Columbus Discount Records vs. Sub Pop
by Kevin J. Elliott

This isn’t so much a competition as much as a comparison of two different models of a re-emerging trend. You could certainly call any Termbo/BullTongue/Siltcult beloved label a “singles club,” as long as they’re pressing wanted vinyl at a consistent clip. But forgive me if I’m wrong, it was probably Sub Pop who’s responsible for launching the true “singles club,” that is a yearly subscription that guarantees the recipient a fresh piece of wax every month for 12 months—each one a surprise, each one limited, each one a perfect relic of that particular time when you arrived at the mailbox. In the beginning and in subsequent versions, Sub Pop rolled out perfect summations of the early heavyweights (Nirvana, Sonic Youth, Flaming Lips, Afghan Whigs), ushered in some future wonders (Modest Mouse, Death Cab, Unrest), and kept it local to the Pacific Northwest scene most of the time even when it hurt (Green Magnet School, Dead Moon, Big Chief). The original “singles club” went for four years; in the 7-inch slump of version two it went just as long (minus the consistency). Now, in the current environment when everyone and their brother are forging a vinyl exclusive label, Sub Pop is held to a higher standard—put out or get lost.

I’m obliged to side with the locals in this battle (though again, this isn’t Contra) and give my allegiance to Columbus Discount Records as they are the little label that could vs. a ritual of sorts already established. Like the early days of Sub Pop, they are giving their singles club all the trappings of yore: established heroes, head-scratching weirdos, and local mainstays. With their 2008–09 line-up in place, it will be hard to find a label with an ear as close to the underground as CDR.

First up for CDR are the Wisconsin-Columbus-Brooklyn transient musings of Kevin Failure and his Pink Reason (on pink vinyl no less). I’ve been suspect if there’s anything going on in the lab, as everything since his stunner bummer, Cleaning the Mirror, has been archived muck (potent muck, but archives just the same). The pairing of “3:16” with “Sweet Sinister” is no different, with the latter not even being credited to Mr. Failure but a long-lost friend. Even if these songs are some of the oldest in the PR repertoire, they are both puzzle pieces that are essential in locating the heart of darkness that pervades his most recent recordings. “3:16” is a blacked-out jam of hungover dirge rock recorded on a dope farm, probably recorded at that stated time when all the drugs were gone and the brains were tortured more than were the unforgiving souls in the room. Like I said, essential in procuring that diamond from Failure’s songwriting genius. “Sweet Sinister” is nearly conceptual in its junk-box beat and hand-clapped rhythm, precluding Jack White by some years and sounding like some cracked bluesman budding up with the 7-11 hellions that loiter near the house. I imagine what’s purported is all true as, “This is a document of the past. They all are. This one is the same, but somehow it’s different.” Regardless, CDR start their singles club with one for the ages, foreboding a year filled with documents that go beyond the format they’re placed upon.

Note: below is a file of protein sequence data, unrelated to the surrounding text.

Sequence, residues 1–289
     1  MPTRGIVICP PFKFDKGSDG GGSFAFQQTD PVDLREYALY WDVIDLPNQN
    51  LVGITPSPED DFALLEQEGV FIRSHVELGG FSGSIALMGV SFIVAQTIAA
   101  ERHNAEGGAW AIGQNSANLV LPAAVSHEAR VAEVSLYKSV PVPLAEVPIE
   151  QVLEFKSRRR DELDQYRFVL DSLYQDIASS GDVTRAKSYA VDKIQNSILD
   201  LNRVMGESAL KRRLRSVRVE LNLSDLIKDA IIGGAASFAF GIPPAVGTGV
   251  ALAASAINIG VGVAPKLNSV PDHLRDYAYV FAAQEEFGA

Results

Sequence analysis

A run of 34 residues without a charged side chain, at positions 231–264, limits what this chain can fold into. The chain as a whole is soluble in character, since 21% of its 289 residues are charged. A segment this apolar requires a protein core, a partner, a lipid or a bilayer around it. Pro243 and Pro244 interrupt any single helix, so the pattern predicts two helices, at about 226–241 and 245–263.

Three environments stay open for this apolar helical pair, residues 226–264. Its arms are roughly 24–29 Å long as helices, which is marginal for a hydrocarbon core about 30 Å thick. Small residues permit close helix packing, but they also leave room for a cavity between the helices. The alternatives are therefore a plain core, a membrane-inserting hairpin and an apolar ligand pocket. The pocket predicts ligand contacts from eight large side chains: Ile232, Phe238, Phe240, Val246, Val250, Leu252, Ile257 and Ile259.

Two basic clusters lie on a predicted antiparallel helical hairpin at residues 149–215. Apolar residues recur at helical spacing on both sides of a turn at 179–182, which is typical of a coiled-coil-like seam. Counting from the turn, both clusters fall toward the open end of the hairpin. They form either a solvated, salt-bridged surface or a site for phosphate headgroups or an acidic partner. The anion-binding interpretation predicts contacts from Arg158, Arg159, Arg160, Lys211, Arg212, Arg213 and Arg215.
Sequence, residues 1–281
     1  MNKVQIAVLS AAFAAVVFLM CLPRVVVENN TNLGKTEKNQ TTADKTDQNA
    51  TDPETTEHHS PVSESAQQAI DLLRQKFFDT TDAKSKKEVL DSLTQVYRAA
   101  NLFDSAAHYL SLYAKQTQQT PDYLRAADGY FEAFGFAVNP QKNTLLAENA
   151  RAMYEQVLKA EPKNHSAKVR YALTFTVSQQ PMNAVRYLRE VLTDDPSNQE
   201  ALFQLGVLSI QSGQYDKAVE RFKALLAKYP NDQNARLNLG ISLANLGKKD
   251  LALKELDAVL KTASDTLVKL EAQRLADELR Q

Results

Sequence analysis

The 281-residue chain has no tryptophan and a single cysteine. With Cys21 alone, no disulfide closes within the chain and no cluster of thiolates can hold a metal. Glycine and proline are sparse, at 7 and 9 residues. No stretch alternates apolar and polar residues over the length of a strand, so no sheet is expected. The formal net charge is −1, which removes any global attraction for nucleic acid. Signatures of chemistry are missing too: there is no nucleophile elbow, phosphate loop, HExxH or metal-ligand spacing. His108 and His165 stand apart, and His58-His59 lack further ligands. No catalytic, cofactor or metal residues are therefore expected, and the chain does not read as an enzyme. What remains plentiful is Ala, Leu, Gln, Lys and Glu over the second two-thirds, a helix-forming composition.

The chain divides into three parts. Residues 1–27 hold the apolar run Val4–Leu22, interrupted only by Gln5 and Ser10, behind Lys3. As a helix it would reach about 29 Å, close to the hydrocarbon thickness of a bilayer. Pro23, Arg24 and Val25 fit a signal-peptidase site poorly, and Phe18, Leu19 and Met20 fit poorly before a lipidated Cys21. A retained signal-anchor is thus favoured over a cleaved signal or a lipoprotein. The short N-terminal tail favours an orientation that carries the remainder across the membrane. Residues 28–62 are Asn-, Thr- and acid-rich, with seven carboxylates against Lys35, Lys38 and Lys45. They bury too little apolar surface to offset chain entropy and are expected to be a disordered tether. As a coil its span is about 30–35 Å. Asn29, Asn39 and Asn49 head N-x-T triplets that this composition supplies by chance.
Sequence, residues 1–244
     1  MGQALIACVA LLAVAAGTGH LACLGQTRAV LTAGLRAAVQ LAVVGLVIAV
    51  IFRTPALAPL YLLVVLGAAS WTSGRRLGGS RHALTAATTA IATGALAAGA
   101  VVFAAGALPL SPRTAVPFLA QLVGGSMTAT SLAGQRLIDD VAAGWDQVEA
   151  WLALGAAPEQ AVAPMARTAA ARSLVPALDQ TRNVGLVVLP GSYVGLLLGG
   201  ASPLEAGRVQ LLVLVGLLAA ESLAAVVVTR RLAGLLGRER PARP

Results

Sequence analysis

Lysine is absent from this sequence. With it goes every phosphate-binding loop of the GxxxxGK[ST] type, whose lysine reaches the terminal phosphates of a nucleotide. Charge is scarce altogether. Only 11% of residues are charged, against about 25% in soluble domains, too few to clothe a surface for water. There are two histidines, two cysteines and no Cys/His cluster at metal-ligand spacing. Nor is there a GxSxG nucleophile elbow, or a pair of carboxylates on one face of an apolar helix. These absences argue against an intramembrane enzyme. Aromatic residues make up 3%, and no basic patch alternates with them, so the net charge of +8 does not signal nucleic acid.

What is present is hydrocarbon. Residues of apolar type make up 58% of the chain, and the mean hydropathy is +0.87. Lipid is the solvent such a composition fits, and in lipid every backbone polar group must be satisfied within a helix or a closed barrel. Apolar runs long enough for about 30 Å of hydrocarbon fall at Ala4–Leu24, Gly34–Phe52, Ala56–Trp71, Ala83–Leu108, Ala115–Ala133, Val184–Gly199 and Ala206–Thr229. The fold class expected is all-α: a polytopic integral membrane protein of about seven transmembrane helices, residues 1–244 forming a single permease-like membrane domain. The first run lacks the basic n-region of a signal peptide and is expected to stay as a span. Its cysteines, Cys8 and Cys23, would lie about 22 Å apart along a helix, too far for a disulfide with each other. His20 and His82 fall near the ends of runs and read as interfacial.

Sub Pop meanwhile gets a pass with OM—it was obviously a decision to pander to those Sleep fans—and though I’m partial to bands that revel in 10- to 20-minute stoner ramblings and zonked jazz odysseys like OM, it doesn’t translate well to the 7-inch platter. So don’t let that Notwist bore me to tears, okay? Luckily number two (of version three) is something of a throwback even though they’re breaking a relatively new Seattle band. Unnatural Helpers harken back to that pre-grunge, manic riff and sludgy backbone that supported the area. “Dirty, Dumb, and Comical” is all one needs to return to Love Battery, Cat Butt and Bleach—a welcome surprise to stuff I need to dig into and Sub Pop needs to revive by all means necessary. I’d like to think Sub Pop is certainly conscious of this decision, and I’m intrigued if any more local gems like this one will appear in 2008. Given the tried and true uniformity in font and design, not to mention the sediment green vinyl, of this (second offering) from Sub Pop, there’s no doubt they’ll not fuck this up. That said. I’m cheering for the home team to completely buck the trend.